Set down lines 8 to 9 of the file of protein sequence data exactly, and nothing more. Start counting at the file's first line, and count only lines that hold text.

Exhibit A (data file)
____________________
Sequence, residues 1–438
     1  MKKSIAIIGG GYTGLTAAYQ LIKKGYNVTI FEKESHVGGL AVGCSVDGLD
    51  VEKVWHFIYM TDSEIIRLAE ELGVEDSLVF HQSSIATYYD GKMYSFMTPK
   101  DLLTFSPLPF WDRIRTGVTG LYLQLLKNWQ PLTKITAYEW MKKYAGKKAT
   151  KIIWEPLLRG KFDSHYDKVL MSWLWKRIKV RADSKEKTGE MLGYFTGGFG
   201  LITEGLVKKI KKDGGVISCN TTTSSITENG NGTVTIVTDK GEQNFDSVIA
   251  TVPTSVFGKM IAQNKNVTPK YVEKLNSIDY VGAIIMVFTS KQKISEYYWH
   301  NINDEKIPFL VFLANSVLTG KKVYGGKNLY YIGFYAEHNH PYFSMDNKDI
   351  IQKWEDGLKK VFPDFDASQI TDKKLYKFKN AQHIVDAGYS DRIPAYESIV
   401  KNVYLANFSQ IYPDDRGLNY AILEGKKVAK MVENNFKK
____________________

   301  NINDEKIPFL VFLANSVLTG KKVYGGKNLY YIGFYAEHNH PYFSMDNKDI
   351  IQKWEDGLKK VFPDFDASQI TDKKLYKFKN AQHIVDAGYS DRIPAYESIV